Western Carolina University will premiere a student-created original musical composition featuring melodies submitted by more than 50 musicians synchronized with a video that showcases the university and the region on campus on Friday, April 25.
The approximately nine-minute collaborative musical and video production is the culmination of a student-initiated project called The Harmony Initiative and will be screened along with a short documentary about the effort in the recital hall of the Coulter Building at 7:30 p.m.
“We wanted to come up with a way for musicians from all different backgrounds and different styles of music on our campus to give a little piece of themselves to create a product that is truly collaborative and bigger than any one of us could be on our own,” said Justin Beebe, a junior from Boone majoring in music education and director of The Harmony Initiative.
Beebe said he came up with the idea for the project while playing the piano last summer and reflecting on how although music is a universal language, differences in musical styles sometimes segregate rather than unify people.
“I wanted to get rid of the barriers that can come up between people and types of music, and bring people together regardless of whether they like jazz or pop or classical,” said Beebe.
He shared the idea of inviting musicians to submit musical ideas to weave into one piece with his Phi Mu Alpha Sinfonia fraternity brothers at WCU, and soon had volunteers who wanted to help lead the project with support from the fraternity. Tim Sale, a sophomore from Bryson City majoring in music education, said he volunteered because the project seemed to be a strong fit with a goal of the object of the fraternity – to advance music in America.
The students created five chord progressions reminiscent of different styles – jazz, rock, pop, classical and ballad. They then asked musicians to submit notation for original melodies to accompany the chord progressions. Submissions came from WCU students as well as musicians across the country. Contributors also included the Alash ensemble from the Tuva Republic in Central Asia, which performed as guest artists at WCU. Impressed with their performance, student Harmony Initiative leaders approached the group’s manager afterward to invite them to take part.
After receiving the melody submissions, Beebe, who was committed to using every contribution, spent about a month arranging the piece. Then, David Myers, a senior from Cumming, Ga., majoring in commercial and electronic music who served as the project’s webmaster and lead audio engineer, began recording tracks in WCU’s world-class studios thanks to support from WCU faculty and the School of Music. Performers included WCU student musicians, some playing the original melodies they had submitted; Will Peebles, director of the WCU School of Music; and members of WCU’s quintet-in-residence, the Smoky Mountain Brass Quintet.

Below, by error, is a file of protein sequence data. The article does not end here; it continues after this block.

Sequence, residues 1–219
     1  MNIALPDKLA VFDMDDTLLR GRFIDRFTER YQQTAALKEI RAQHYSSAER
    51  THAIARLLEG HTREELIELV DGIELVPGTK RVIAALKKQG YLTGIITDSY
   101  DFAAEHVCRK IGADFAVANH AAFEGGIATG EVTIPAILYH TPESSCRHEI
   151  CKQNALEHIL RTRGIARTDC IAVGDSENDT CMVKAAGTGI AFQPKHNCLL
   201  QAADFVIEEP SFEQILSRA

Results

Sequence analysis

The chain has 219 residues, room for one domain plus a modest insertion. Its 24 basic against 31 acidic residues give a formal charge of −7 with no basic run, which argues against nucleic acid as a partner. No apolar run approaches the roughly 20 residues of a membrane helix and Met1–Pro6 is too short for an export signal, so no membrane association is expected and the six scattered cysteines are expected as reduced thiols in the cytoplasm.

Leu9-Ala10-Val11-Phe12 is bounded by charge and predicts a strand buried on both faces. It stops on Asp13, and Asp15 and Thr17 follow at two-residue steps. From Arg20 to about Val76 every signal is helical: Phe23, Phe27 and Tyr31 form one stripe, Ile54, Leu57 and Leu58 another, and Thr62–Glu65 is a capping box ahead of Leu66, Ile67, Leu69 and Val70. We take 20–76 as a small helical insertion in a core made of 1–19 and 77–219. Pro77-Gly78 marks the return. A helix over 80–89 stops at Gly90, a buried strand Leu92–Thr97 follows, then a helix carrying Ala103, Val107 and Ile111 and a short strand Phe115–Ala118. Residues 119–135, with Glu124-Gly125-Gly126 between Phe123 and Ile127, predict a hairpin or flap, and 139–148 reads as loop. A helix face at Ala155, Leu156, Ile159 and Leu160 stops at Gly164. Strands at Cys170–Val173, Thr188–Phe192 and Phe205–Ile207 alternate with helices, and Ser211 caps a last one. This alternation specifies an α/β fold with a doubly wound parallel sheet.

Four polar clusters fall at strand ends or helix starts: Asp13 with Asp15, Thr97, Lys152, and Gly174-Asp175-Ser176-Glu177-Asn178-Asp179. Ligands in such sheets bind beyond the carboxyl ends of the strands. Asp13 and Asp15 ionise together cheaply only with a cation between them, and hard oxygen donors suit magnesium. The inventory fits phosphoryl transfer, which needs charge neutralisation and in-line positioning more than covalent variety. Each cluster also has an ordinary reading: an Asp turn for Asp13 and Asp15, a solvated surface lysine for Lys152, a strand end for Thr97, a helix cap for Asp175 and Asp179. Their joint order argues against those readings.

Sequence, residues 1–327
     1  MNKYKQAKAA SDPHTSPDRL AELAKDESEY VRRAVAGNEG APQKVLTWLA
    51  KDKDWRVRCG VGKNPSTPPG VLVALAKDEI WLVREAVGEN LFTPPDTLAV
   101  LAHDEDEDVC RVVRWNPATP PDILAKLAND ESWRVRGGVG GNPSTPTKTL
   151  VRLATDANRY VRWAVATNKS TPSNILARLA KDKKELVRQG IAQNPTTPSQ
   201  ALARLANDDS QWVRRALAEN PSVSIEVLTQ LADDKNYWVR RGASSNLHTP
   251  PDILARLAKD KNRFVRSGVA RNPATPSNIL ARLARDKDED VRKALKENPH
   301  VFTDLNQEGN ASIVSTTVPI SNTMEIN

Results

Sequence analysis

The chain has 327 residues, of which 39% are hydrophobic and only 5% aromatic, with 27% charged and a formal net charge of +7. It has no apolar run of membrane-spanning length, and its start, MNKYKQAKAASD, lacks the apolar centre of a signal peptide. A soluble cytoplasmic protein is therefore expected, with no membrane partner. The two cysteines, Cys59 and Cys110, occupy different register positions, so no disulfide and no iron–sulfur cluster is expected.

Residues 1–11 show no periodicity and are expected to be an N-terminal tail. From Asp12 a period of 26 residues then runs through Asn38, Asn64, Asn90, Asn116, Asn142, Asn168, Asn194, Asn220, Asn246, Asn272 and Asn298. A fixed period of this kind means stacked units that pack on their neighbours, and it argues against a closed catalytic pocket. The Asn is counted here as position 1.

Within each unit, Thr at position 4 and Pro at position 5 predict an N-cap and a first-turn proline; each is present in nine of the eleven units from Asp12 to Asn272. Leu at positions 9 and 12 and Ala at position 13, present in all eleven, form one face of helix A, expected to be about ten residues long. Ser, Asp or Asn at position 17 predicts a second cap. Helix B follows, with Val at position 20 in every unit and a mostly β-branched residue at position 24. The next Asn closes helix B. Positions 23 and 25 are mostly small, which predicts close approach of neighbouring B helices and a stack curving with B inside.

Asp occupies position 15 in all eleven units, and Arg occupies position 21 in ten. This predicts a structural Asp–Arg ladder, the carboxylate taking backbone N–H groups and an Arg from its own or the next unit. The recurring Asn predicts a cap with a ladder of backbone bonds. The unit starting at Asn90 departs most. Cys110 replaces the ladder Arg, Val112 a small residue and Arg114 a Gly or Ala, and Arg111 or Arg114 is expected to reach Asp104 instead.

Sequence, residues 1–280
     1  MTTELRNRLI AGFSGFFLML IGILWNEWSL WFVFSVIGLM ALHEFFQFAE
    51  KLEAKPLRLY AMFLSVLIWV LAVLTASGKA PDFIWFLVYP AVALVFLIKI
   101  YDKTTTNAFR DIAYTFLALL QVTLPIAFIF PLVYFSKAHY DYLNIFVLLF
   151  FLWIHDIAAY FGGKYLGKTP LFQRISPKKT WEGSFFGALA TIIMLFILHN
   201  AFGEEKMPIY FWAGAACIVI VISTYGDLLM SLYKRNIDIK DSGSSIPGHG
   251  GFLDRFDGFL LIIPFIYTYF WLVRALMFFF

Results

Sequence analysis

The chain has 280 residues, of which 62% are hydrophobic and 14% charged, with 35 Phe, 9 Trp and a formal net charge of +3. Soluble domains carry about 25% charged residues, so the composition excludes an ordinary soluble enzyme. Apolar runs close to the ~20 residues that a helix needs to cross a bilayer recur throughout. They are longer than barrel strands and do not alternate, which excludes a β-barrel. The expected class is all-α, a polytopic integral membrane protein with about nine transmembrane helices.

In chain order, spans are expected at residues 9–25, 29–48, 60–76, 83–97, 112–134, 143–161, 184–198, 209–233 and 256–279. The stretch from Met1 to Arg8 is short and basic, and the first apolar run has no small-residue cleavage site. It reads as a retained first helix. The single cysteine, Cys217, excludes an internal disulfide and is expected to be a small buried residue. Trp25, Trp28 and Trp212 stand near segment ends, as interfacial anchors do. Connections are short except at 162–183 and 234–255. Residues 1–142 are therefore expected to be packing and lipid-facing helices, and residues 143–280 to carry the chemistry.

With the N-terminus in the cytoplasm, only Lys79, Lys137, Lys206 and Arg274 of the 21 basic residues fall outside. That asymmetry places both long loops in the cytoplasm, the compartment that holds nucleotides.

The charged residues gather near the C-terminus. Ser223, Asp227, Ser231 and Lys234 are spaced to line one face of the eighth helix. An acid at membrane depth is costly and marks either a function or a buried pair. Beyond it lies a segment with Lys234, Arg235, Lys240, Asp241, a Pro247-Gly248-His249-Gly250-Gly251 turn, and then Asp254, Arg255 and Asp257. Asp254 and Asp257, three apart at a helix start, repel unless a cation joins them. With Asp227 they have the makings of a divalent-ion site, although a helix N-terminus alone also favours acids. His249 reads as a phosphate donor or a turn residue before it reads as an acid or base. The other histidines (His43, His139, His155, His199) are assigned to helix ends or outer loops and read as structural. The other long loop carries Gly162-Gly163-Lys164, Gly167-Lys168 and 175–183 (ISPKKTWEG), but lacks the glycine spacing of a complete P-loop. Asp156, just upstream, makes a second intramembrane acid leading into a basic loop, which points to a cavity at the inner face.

In addition, the composition utilized synthetic sounds, and Myers had nearly 300 different tracks to balance, edit, mix and master to sound like a unified ensemble “even though it was recorded eight measures at a time,” said Beebe. “We wanted to blend real instruments and modern technology, and transcend the barriers of sound and style.”
Myers spent about 400 hours working on the initiative, which required him to use all of the skills he had acquired as a commercial and electronic music student. The endeavor became his senior project. He said what began as a “Wouldn’t it be cool if?” conversation had grown into a massive undertaking that the students were not sure at first would work.
“The real challenge was to take all of these different musical ideas that stand on their own and weave them together in a way that makes sense and tells a story,” said Myers, who described the resulting composition as having a sense of romanticism.
Meanwhile, Josh Blue, a senior from Greensboro majoring in commercial and electronic music, captured and edited video footage of the music recordings, of WCU and of the region to create a video montage to synchronize with the piece. The footage includes aerial scenes.
Travis Bennett, associate professor of horn and theory and a member of the Smoky Mountain Brass Quintet, said he enjoyed taking part in the project and was impressed with the whole initiative as well as the students’ professionalism.
“This kind of collaborative composition is an amazing idea – something I’ve never heard of being done before,” said Bennett, who is Beebe’s adviser.
Tickets to the premiere cost $2 for students and $5 for all others and are on sale in the lobby of the Coulter Building from 10 a.m. to 3 p.m. through Friday, April 25, and an hour before the show. Cash only will be accepted. Proceeds from the event benefit the WCU School of Music scholarship fund.
In addition to the event, the team will be producing a DVD of the music and video suited for a surround-sound environment.
For more information, watch The Harmony Initiative’s video trailer for the event or send an email to firstname.lastname@example.org.
By Teresa Killian Tate